Big win for consumers as Competition Commission announces car servicing and repair guidelines

Wendy Knowler Consumer journalist
The Competition Commission has announced new guidelines for car services and repairs, and consumers win big.
The Competition Commission has announced new guidelines for car services and repairs, and consumers win big.
Image: 123rf.com/Dmytro Kozyrskyi

The Competition Commission has gazetted draft guidelines that seek to put an end to motorists being forced to have their in-warranty cars serviced or repaired only at manufacturer-approved service dealerships, under threat of having their warranties cancelled.

The guidelines, prepared in terms of the Competition Act, provide practical guidance to firms in the automotive sector on conduct that may be anti-competitive, and encourage competition through greater participation of small businesses and historically disadvantaged groups.

A finalised set of guidelines will be implemented as part of the Competition Act and will give authorities the power to “pursue anti-competitive behaviour through enforcement”.

In another major boon for consumers, the guidelines also state that vehicle manufacturers and approved dealers must allow consumers to fit non-original parts where a specific part's warranty has expired, without voiding the balance of the motor vehicle’s warranty.

And that’s not all - when vehicles are being sold, dealers and financiers must provide the consumer with details of all inclusions and exclusions in the service and maintenance plans.

Widespread failure to do this has given many motorists a false sense of security about the mechanical problems for which they are covered.

Currently, owners of new cars in South Africa are unique in the world for being “locked into" using a vehicle manufacturer's service centres, repair shops and parts with "embedded" motor and service plans. If they decide to use an independent service or repair provider of their choice, vehicle manufacturers void their warranties.

The new guidelines are set to make this practice illegal.

Originally, the intention was to implement a single, industry-wide code of conduct, but last year, when there was still no meeting of the minds among opposing stakeholders on a second draft of the voluntary code, the commission announced that the code would be converted into a guideline, similar to the one adopted by the European Union Commission in 2010.

The commission states in the guidelines that the process was triggered by multiple complaints the commission received from  independent players in the automotive aftermarket, as well as members of the public.

“They raised concerns about alleged anti-competitive practices, such as pricing behaviour in the automotive aftermarket, and agreements that foreclose independent players at all levels of the automotive value chain," the commission said.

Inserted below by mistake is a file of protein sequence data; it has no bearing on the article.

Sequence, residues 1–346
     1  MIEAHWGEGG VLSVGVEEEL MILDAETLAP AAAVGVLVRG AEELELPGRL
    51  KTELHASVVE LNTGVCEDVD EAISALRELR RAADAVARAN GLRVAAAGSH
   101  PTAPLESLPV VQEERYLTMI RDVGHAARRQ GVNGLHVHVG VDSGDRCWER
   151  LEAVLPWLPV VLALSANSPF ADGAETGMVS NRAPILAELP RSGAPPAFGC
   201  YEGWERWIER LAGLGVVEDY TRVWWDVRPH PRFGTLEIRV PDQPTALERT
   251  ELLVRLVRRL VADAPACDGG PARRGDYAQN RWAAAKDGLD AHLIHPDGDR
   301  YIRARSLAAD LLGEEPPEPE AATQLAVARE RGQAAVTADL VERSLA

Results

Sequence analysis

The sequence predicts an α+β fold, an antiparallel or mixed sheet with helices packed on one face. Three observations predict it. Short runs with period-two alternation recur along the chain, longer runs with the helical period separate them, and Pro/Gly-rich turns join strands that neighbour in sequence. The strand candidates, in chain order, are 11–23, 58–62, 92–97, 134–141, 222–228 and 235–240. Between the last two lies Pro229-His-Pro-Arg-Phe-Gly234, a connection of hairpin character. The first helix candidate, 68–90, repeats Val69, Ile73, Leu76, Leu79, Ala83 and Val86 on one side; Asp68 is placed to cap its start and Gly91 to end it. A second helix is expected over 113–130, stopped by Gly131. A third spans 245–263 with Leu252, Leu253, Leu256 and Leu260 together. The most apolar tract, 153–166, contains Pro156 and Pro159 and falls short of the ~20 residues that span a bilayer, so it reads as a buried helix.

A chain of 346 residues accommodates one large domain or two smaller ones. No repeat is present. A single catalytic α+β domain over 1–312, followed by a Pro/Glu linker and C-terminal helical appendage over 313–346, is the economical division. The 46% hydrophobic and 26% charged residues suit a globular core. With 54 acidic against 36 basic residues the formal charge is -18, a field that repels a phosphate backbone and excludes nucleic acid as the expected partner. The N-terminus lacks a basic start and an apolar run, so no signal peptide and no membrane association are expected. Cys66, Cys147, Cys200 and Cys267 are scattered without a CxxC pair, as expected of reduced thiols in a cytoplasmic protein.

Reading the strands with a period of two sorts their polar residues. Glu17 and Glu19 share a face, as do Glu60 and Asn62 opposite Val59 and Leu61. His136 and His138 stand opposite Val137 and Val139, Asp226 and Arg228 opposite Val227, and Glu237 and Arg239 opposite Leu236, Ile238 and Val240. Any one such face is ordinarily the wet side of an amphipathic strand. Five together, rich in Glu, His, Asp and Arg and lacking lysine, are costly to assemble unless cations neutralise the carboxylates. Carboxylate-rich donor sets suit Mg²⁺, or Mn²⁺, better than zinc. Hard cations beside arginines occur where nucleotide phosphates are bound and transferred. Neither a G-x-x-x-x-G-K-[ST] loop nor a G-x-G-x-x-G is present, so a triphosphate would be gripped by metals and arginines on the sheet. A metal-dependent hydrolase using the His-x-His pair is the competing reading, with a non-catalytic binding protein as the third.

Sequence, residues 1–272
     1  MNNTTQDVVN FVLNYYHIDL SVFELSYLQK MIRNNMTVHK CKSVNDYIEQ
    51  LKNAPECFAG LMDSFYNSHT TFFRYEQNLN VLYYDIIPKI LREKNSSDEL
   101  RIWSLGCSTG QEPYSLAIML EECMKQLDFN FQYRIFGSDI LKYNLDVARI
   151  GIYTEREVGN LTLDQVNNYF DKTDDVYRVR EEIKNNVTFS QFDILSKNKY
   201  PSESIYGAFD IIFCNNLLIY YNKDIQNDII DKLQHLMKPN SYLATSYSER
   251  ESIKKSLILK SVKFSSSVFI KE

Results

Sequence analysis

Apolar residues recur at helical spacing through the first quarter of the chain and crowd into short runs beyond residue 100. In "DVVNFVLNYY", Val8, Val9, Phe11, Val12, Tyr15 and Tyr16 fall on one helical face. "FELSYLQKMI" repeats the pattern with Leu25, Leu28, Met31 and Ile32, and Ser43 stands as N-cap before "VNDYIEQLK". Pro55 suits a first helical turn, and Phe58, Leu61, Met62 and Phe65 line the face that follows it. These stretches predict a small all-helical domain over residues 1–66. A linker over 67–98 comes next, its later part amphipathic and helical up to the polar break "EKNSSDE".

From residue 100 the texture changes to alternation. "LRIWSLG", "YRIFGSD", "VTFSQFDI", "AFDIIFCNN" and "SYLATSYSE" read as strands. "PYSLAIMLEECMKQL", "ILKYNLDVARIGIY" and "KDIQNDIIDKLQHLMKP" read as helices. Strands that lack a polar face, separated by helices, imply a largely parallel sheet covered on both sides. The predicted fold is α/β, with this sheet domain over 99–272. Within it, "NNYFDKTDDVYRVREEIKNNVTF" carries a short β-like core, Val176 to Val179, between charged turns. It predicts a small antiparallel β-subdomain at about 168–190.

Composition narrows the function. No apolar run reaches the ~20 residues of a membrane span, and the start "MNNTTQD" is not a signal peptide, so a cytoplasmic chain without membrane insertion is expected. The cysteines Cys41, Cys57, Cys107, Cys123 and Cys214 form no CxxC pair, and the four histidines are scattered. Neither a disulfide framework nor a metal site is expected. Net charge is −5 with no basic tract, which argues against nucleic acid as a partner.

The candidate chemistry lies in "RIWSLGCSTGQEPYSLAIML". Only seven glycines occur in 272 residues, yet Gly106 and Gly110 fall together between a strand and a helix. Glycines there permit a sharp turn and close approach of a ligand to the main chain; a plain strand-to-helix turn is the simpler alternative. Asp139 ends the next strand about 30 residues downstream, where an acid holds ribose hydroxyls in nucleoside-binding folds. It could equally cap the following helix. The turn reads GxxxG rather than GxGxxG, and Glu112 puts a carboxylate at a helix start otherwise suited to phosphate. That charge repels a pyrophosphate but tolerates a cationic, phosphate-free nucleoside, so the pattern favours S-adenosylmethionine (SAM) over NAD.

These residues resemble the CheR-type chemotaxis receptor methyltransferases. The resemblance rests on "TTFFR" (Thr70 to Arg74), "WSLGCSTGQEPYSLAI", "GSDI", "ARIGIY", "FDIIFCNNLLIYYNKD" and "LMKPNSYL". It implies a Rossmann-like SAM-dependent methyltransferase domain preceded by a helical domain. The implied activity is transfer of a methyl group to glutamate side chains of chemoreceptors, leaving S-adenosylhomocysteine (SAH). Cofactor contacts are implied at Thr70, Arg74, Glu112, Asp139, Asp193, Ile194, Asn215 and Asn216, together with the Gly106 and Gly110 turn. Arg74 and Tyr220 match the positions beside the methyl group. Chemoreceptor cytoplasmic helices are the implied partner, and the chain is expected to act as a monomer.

Right to Repair South Africa (R2RSA), a Section 21  not-for-profit organisation which has been advocating for freedom of repair choice for vehicle owners for several years, has welcomed the publication of the draft guidelines for the automotive aftermarket sector, describing it as a positive move for the industry, and a big win for consumers.

“Now that we have the guidelines, fair competition can be implemented speedily,” said R2RSA chairman Gunther Schmitz.

“It’s an opportunity for market players to report uncompetitive behaviour. It is encouraging to see such a strong focus on increased consumer choice, fair competition and competitive pricing.”

In the past lack of access to technical information had constrained the independent aftermarket, he said, but the commission was removing that obstacle by directing Original Equipment Manufacturers (OEMs) to share key technical information with independent service providers for both in-warranty and out-of-warranty motor vehicles.

“Our hope is the OEMs do remove the barriers for consumers and do not try to make access to technical information unaffordable.”

Filum Ho, chief executive of auto parts and glass specialists Autoboys, hailed the draft guidelines as “a major victory for consumers”.

“Fair competition, transformation, access and freedom of choice are themes that run throughout the draft.”

Manufacturers, on the other hand, have in the past warned that if they lose the ability to stipulate that their vehicles be serviced at dealerships quality assured and monitored by them, consumers won’t have the assurance that staff at independent workshops have the training and skills of those in the manufacturer-linked workshops. Or that top quality parts will be used.

The draft guidelines are open for comment.

Interested parties can email their submissions to advocacy@compcom.co.za until close of business on March 16.

The Competition Commission’s guidelines can be found here.

GET IN TOUCH: You can contact Wendy Knowler for advice with your consumer issues via e-mail: consumer@knowler.co.za or on Twitter: @wendyknowler.


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